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Friday, 20 September 2013

BBCAmerica's Orphan Black surprises on BBC Three


We’re used to sending successful shows, created right here in Blighty, across the Pond to our American cousins, where they either refashion them in their own image (and mangle them), die a death or go down a storm. Orphan Black with its sci-fi roots firmly planted in Darwinism (each episode title comes from his pioneering work On the Origin of Species) upsets the natural order of things by being a BBC America drama - albeit filmed in Toronto - that is making its way over to our shores.

American viewers have been raving about it too, and fans were aghast that leading lady Tatiana Maslany was snubbed for an Emmy nomination - especially after she’s cleaned up elsewhere. On the strength of just the opening episode, it’s hard to say whether she deserved the accolade, but the series has already run its course in the US, hence the outcry.

The curtain goes up on the drama as grungy-looking and broke young woman Sarah (Maslany), back in town to get her hands on her daughter, witnesses the suicide of a smartly dressed lady at a railway station. What really puts the wind up Sarah is the fact the woman looks EXACTLY like her. Without thinking, she grabs the victim’s bag and scurries off, convinced there will be enough money in it to solve her current financial worries.

Unfortunately it creates more problems than it solves, as she explores her doppelganger Beth’s apartment and makes herself at home. She calls on foster brother Felix (Jordan Gavaris) to help as she concocts a scheme to use the unfortunate woman’s life to sort out her own, but more trouble lies in store as Sarah discovers - to her horror - that not only is she a cop, but she’s been suspended after shooting a civilian. The web of lies becomes even more tangled and twisted when the real Beth’s boyfriend returns home unexpectedly, before another woman, who is also the spitting image of Sarah, ends up getting shot in the back of her car. Confused much?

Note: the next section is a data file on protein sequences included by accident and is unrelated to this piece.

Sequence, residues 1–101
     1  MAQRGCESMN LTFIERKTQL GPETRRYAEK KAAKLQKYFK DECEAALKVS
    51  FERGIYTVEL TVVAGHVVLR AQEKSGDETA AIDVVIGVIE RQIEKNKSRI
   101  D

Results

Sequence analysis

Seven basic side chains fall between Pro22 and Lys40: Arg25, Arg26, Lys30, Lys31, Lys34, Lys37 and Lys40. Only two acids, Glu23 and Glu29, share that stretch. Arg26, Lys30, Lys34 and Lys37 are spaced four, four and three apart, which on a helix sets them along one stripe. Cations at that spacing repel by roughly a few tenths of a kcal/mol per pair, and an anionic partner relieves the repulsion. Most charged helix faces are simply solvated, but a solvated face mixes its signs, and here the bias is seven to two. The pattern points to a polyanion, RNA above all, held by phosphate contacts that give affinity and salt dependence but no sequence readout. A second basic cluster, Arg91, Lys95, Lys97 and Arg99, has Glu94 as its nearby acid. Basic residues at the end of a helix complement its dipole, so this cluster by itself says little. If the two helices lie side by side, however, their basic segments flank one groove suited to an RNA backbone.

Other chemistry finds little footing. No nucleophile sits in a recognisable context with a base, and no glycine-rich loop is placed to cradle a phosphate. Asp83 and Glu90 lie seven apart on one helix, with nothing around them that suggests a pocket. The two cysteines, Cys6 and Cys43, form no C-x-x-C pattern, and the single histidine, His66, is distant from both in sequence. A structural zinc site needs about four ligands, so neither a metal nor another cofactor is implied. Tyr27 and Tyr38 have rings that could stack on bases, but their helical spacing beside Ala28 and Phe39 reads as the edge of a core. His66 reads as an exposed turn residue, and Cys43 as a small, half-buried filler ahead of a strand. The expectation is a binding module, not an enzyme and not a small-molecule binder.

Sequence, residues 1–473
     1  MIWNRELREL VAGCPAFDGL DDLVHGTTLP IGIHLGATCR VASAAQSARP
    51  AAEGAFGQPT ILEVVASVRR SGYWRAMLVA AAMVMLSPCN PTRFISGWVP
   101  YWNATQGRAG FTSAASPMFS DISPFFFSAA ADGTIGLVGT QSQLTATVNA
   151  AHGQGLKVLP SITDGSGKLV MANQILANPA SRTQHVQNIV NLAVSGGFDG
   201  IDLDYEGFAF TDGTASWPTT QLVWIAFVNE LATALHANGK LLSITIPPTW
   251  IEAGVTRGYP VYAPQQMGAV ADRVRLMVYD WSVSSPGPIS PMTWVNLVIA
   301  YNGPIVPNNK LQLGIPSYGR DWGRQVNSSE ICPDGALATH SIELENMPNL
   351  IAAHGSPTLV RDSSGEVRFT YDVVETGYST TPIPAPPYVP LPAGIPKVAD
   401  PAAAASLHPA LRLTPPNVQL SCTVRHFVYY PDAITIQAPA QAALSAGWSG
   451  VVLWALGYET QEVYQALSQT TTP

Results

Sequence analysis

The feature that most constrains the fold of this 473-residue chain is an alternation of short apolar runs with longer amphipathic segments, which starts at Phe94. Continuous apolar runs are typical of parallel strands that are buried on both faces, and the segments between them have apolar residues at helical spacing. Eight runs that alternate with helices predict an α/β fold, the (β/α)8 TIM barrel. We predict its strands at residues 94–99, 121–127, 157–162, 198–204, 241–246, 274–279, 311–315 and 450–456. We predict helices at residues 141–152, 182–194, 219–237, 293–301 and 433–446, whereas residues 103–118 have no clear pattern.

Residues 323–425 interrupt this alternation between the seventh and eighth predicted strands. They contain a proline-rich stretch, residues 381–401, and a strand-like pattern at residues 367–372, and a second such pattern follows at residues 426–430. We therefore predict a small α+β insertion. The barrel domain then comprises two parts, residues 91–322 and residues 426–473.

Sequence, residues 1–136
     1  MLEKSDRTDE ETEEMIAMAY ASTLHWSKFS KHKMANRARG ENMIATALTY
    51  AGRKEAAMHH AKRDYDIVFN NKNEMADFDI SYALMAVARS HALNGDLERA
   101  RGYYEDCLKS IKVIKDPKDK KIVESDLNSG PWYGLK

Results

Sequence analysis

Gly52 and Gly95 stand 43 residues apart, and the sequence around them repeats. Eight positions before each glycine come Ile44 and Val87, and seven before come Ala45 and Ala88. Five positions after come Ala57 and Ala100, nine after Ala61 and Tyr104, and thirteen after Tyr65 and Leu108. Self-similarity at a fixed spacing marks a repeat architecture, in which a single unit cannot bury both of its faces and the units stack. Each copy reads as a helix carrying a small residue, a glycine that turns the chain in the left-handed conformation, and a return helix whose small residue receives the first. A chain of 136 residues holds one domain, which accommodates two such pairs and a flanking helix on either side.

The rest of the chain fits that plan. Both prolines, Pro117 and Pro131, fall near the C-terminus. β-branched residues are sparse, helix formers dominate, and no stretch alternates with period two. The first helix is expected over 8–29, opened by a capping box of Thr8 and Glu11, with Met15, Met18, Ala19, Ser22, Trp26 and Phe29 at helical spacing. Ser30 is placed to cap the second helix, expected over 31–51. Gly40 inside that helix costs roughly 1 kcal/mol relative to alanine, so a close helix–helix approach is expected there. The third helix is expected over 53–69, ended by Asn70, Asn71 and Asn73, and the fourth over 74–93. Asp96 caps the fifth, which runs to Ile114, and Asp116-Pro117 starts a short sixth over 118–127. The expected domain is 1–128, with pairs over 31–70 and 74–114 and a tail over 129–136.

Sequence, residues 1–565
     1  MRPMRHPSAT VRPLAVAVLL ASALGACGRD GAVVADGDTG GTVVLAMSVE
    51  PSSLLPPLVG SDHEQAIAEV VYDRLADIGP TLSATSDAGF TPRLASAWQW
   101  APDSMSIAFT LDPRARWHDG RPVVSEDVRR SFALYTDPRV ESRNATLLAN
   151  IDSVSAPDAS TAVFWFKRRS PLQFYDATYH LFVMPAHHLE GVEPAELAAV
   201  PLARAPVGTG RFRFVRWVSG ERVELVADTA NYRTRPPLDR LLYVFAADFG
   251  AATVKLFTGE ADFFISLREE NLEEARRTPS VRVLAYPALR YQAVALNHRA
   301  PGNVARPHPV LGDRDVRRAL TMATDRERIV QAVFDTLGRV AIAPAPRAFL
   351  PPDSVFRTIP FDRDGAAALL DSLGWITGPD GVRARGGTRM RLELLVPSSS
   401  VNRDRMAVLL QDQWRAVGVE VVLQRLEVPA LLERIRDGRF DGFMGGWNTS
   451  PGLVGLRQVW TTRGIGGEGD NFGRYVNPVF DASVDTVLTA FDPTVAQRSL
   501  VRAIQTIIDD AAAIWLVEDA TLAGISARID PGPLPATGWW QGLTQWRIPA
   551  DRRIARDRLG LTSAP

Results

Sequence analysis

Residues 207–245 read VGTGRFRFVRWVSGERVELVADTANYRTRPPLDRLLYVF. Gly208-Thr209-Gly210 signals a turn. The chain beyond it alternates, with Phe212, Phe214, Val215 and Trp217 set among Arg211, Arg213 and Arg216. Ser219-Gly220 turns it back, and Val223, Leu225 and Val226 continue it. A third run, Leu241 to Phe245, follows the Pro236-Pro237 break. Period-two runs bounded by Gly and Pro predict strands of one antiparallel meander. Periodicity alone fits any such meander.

The plotline whips back and forth energetically, with Sarah at its centre, by turns confused and resolute, desperate and curious. Maslany pulls it off - including switching between British and American accents - with aplomb, without resorting to histrionics or overplaying, making her alter ego a fascinating one to watch. But she’s not alone. Gavaris’ Felix is absolutely delightful. Camp and cool, he’s all mischief and twinkling, knowing glances. His witty asides and cutting remarks bring an acidity to the show which cuts the tension beautifully, allowing the drama to build and fall over and over again. The interplay between him and Sarah is lovely, and left me longing to know more about their obvious shared history, and how they ended up where they were.

Orphan Black is, at first glance, gripping telly: pacy, bristling with suspense and pregnant with promise. Here’s hoping the Yanks are right and it really is worth all the fuss and chatter about it on the interweb.

Contributed by Scheenagh Harrington

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